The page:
Financial watchdog sees increased cooperation with Vatican agencies

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Carmelo Barbagallo, president of the Vatican’s Financial Information Authority, gestures during a July 2, 2020, interview in Vatican City ahead of the release of the authority’s annual report. CNS photo/Remo Casilli, Reuters.

VATICAN CITY (CNS) — The Vatican’s financial watchdog agency has expanded its reach of cooperation, and it plans on continuing to increase its staff to better fulfill its mandate.

Charged with preventing and countering suspected money laundering and the financing of terrorism, the Vatican Financial Intelligence Authority’s work has significantly increased since it signed a number of agreements recently regarding the supervision of nearly 100 nonprofit entities and public authorities of the Holy See and Vatican City State.

With a new president, director and deputy director leading the authority, the watchdog agency was also going to establish a new statue and its “first internal regulation, which sets out detailed procedures in the furtherance of a healthy and transparent administration,” wrote Carmelo Barbagallo, president of the Financial Intelligence Authority, known by its Italian acronym as AIF. It released its annual report July 3.

All the changes were part of helping the Holy See’s “commitment to the fairness and transparency of its financial transitions,” he added.

While AIF already cooperates with a number of international and Vatican authorities, it signed key memoranda of understanding the past six months with: the Secretariat of State and the Secretariat for the Economy “concerning the supervision and monitoring of nonprofit entities” and for public authorities; the Vatican’s prosecutor’s office, called the Promoter of Justice — and police force, known as the gendarmes, “concerning the exchange of information for intelligence purposes”; and the general auditor, concerning existing collaboration and the exchange of information, Barbagallo wrote.

The Egmont Group, an umbrella association of 164 financial intelligence units worldwide, had suspended the Financial Information Authority from its international information circuit in November after Vatican police raided and seized information from the offices of AIF. The AIF was reinstated in January after it could guarantee accepted standards would be followed in handling confidential information by authorities; that guarantee was part of the memorandum of understanding with the Vatican’s Promoter of Justice, the president wrote.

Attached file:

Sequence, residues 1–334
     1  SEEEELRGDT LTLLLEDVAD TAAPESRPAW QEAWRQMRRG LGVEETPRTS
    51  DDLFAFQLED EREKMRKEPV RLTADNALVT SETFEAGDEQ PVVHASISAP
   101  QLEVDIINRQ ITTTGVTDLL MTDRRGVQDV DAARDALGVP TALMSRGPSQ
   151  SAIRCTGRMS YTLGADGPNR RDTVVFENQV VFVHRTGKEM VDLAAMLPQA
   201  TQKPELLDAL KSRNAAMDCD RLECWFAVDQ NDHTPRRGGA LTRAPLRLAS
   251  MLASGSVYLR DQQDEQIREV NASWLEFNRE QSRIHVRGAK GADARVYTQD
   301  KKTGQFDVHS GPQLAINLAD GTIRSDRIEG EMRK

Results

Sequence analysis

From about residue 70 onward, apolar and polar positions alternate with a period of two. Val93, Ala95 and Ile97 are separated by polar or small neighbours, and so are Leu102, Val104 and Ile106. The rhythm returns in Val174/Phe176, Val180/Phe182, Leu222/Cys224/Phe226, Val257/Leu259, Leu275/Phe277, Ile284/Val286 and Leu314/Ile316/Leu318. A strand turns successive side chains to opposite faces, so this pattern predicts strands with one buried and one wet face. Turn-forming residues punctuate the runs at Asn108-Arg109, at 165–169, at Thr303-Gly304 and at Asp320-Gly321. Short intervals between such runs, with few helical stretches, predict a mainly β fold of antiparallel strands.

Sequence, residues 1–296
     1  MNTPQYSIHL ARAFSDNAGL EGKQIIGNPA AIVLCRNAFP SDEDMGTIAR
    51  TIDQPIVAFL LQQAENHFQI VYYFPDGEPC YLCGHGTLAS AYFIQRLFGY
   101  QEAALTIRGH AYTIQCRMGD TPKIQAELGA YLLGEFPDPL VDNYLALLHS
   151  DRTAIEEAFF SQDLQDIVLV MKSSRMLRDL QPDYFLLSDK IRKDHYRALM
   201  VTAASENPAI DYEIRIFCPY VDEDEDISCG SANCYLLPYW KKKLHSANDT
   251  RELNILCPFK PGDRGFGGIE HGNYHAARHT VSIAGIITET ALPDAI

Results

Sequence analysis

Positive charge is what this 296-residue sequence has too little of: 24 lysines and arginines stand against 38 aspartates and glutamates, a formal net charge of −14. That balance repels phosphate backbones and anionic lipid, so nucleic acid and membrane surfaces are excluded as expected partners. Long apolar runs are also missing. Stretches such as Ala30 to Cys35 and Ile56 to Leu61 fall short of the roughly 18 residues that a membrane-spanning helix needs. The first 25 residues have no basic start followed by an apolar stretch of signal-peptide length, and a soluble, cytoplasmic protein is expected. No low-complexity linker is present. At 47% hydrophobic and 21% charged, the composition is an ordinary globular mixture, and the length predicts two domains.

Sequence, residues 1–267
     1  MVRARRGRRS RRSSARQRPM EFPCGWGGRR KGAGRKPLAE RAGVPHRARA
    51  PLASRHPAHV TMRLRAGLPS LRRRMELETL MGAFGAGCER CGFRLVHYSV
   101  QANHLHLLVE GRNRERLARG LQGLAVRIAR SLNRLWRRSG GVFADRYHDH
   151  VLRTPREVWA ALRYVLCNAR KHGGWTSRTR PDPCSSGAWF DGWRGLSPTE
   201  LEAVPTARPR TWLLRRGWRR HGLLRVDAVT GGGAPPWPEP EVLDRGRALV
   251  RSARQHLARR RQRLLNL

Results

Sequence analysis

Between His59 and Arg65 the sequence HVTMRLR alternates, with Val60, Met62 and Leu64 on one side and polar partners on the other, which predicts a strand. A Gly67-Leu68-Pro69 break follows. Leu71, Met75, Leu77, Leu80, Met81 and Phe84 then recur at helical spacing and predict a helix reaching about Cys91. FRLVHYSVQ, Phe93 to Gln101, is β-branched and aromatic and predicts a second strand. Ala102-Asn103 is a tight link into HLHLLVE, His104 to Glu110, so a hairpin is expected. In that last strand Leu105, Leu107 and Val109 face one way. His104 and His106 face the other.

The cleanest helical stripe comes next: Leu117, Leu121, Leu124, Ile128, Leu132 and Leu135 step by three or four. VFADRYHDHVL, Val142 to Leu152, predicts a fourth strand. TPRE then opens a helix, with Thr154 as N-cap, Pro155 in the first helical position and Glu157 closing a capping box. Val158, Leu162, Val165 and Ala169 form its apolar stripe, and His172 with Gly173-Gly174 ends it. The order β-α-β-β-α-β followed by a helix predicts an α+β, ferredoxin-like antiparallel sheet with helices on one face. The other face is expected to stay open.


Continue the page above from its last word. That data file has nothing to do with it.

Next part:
Collaboration and exchange of information are “a fundamental prerequisite and guarantee for preventing and combating illegal activities as well as for promoting transparency and integrity in financial activities,” the report said.

The AIF report said the agency received 64 reports of suspicious financial activity in 2019 compared to 54 reports in 2018 and 150 reports in 2017. Vatican law requires the reporting of suspected funds or activities to the AIF.

It forwarded 15 reports of possible criminal activity to the office of the promoter of justice at the Vatican City State’s tribunal. The majority of potential crimes, the report said, involve foreign subjects or jurisdictions and potentially deal with international tax fraud and embezzlement, it said.

AIF suspended three bank transactions worth more than a quarter of a millions dollars and froze one bank account holding nearly $200,000 in 2019. The authority monitors financial operations at the Vatican bank, formally known as the Institute for the Works of Religion (IOR), to ensure they meet international norms against money laundering and the financing of terrorism.

It said experts from Moneyval — the Council of Europe’s Committee of Experts on the Evaluation of Anti-Money Laundering Measures and the Financing of Terrorism — would also be conducting an onsite inspection of the Holy See and Vatican City State in September after it was postponed from April due to the pandemic.

The report said the AIF would be changing its name to the Supervisory and Financial Information Authority to better reflect its two roles as a supervisory and regulatory body, and a financial intelligence unit.

Pope Benedict XVI established the agency in 2010 to monitor Vatican financial operations and ensure they met international norms against money laundering and the financing of terrorism.

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